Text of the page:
A boost for young creatives in the screen industries

The Screen Industries Growth Network provided the funding for The Artery to offer two peer support business programmes for creatives starting out on their careers in the screen industries. The funding allowed us to trial two models, one using AR and Animation to support business skills development and the other using Screen Storytelling.

The programme in Craven ran over three weekends in January, the Scarborough programme was offered as a hybrid. We structured both programmes around a Story of Change model with Action Learning embedded to ensure all content was led by the groups. There was a focus in Craven on animation and AR as a way of supporting business skills developing, helping young creatives shape the business stories they want to tell. The programmes were delivered by:

  • Virpi Kettu an award-winning director, animator and digital artist with over two decades long career working extensively in Europe and Canada. Virpi has Animated for Aardman Animations for the “Wallace and Gromit”, ‘Shaun the Sheep’, ‘Creature Comforts’ and for The National Film Board of Canada, DreamWorks and Universal Pictures.
  • Leo Devine  former head of BBC South West. He transformed regional news gathering across the BBC.  Leo worked in journalism for the BBC for 34 years as a reporter, presenter, producer, radio and TV editor, and senior leader. He ran four of the BBC regions and was also Head of Journalism for the BBC’s Nations and Regions and Head of Editorial Standards. Leo provides a unique insight into broadcast media and the power of story telling through journalism.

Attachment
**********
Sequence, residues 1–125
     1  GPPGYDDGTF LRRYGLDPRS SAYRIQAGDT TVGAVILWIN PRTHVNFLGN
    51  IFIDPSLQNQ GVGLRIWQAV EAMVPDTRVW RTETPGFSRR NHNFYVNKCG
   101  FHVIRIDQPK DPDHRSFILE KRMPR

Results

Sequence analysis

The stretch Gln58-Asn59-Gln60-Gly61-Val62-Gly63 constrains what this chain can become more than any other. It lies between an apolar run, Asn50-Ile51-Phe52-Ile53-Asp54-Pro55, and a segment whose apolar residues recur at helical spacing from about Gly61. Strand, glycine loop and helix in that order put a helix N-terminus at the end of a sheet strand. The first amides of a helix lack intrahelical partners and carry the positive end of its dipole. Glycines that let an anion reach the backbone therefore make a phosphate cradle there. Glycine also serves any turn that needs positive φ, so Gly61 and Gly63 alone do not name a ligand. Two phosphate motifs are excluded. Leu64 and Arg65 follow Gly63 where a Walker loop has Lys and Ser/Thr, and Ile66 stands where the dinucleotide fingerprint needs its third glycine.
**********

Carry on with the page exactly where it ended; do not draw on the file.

• Karen Merrifield founder of the Artery with has a long history in the cultural and heritage sector. She works on learning strategy, audience engagement and evaluation of large scale heritage projects. She also holds an MBA and an MA in Education by Research but values creative and cultural business and project management models.

We were privileged to work with two great groups of young creatives facing a variety of challenges.

What we learned.

The young people we worked with are talented, committed and often award-winning but they are facing a number of common challenges:

  • Physical isolation in rural or coastal communities/Access to broader networks
  • How to build a business from scratch with no prior business development learning
  • Practicalities, how to access equipment, transport/transport costs, training opportunities.

They are keen to connect with other young creatives in areas where the population is made up largely of older people, second home owners, or those retiring to the area.

Reality is:

  • Poorly paid part time work is subsiding creative careers
  • Lack of medium or large creative businesses to employ them directly and provide valuable creative work experience
  • Setting up a business may be the only way to get their foot on the creative career path but they do not have the knowledge or support to do this
  • Contrasting rural communities, locals versus more confident people who move to the area and inhabit the creative/cultural spaces more easily
  • Lack of awareness of support that is out there.

There is a need for:

  • Considered ‘placemaking’ activity created for, or even better, with or by young people
  • Support for young people to be visible in a world where everyone is visible. Support around self-promotion, how to communicate with businesses, how to tell their stories to attract customers or audiences?
  • How to access organisations who can provide support, how these organisations can reach out to this cohort of young people.

They have great stories to tell, great connections to place, diversity of experience and important voices. 

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